McGrath Institute Announces Plans to Showcase The Saint John’s Bible in Free Online Course

By Anna Bradley

Creation, Donald Jackson, Copyright 2003, The Saint John’s Bible, Saint John’s University, Collegeville, Minnesota, USA. Used by permission.  All rights reserved.Creation, Donald Jackson, Copyright 2003, The Saint John’s Bible, Saint John’s University, Collegeville, Minnesota, USA. Used by permission. All rights reserved.

Notre Dame, IN — The McGrath Institute for Church Life at the University of Notre Dame is pleased to announce its plans to offer an exclusive online course on The Saint John’s Bible, a handwritten, hand-illuminated Bible commissioned out of Saint John's Abbey & University. The course, Journey with The Saint John's Bible, will be divided into six units and is scheduled to launch on Ash Wednesday, February 26, 2020. 

The course features instructors from Notre Dame’s Theology department, the Program of Liberal Studies, and the McGrath Institute, as well as The Hesburgh Library’s Rare Books & Special Collections

The course addresses the role of art in Christian life, the tradition of illuminated manuscripts, and unpacks several illuminations from The Saint John’s Bible along with the Scripture passages they depict. Five units will feature videos that explain the illuminations and selections from Scripture, and guided experiences of lectio and visio divina, offering viewers an opportunity to pray with Scripture and art.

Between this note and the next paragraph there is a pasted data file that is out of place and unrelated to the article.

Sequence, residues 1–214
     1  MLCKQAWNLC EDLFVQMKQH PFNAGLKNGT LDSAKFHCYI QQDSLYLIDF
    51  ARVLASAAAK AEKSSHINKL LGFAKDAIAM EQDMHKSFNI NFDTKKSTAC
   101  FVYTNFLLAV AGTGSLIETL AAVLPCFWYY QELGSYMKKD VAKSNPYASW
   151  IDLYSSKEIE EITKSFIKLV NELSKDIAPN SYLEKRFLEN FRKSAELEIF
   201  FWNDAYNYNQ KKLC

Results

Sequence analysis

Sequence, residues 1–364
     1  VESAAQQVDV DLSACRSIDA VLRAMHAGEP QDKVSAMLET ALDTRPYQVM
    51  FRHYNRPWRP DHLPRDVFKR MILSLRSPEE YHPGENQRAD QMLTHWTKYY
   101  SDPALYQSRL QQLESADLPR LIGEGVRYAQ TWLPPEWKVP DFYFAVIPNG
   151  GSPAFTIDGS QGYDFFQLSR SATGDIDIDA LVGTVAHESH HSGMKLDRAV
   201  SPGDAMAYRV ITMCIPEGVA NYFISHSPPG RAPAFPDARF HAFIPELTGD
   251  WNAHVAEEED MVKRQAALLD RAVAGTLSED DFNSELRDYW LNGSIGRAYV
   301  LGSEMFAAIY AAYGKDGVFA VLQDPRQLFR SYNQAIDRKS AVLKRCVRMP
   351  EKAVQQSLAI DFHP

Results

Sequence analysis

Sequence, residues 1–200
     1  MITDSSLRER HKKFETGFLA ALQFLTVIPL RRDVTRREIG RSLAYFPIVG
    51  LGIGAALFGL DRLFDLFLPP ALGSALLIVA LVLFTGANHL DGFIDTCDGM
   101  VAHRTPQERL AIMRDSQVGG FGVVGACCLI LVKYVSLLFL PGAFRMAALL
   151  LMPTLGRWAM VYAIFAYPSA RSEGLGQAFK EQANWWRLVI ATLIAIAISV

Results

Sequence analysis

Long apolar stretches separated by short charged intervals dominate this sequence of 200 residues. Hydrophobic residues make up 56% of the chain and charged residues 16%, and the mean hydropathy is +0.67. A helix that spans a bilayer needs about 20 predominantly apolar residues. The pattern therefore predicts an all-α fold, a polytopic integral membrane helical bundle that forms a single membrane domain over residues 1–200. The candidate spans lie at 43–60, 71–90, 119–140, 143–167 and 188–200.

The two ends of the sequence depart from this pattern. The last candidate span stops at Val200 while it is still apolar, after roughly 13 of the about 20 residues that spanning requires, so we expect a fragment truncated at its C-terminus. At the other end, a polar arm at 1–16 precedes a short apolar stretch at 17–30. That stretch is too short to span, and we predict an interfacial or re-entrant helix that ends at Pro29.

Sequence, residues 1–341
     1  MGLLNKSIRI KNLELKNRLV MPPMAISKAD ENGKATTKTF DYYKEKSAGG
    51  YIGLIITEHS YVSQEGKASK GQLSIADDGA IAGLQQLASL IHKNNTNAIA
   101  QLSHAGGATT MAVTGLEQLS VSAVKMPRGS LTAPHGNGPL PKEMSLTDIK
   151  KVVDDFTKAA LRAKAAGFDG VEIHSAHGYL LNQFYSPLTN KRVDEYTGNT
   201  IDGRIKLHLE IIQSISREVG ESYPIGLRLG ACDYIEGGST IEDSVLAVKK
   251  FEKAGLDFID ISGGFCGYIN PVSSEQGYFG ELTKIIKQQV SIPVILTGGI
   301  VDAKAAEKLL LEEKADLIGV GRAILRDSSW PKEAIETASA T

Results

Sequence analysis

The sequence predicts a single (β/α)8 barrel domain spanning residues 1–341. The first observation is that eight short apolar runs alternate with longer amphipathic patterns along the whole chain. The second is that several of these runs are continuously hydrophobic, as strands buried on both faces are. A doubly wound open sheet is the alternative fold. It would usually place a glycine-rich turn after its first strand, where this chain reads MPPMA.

The McGrath Institute first hosted the Gospels and Acts volume of The Saint John’s Bible in 2017 and offered a series of lectures and events around it. Donald Jackson, the artist and calligrapher responsible for the Bible’s design, came to campus and shared his story about bringing his lifelong dream of writing the Bible to life through this project. The McGrath Institute was gifted the Heritage Edition of The Saint John’s Bible—a seven volume reproduction of the original manuscripts—by Tim and Mary Sullivan in 2019.

“We are seeking to deepen people’s relationship with Scripture and help them learn how to interpret it through The Saint John’s Bible,” says Carolyn Pirtle, Program Director of the Notre Dame Center for Liturgy at the McGrath Institute. “Art can be used as a gateway to help them do that, and it’s always done with the hope and the goal of drawing them more deeply into Scripture itself.”

Plans for the Institute’s continued use of The Saint John’s Bible include developing resources for teachers and catechists that illuminate how art can enrich and deepen our understanding of and encounter with Scripture. The Institute is also working to make the Bible more accessible to students. 

To receive updates about the free online course, please enter your email below.

Contact: Amy North, Program Director of Communications, 574-631-2894, anorth1@nd.edu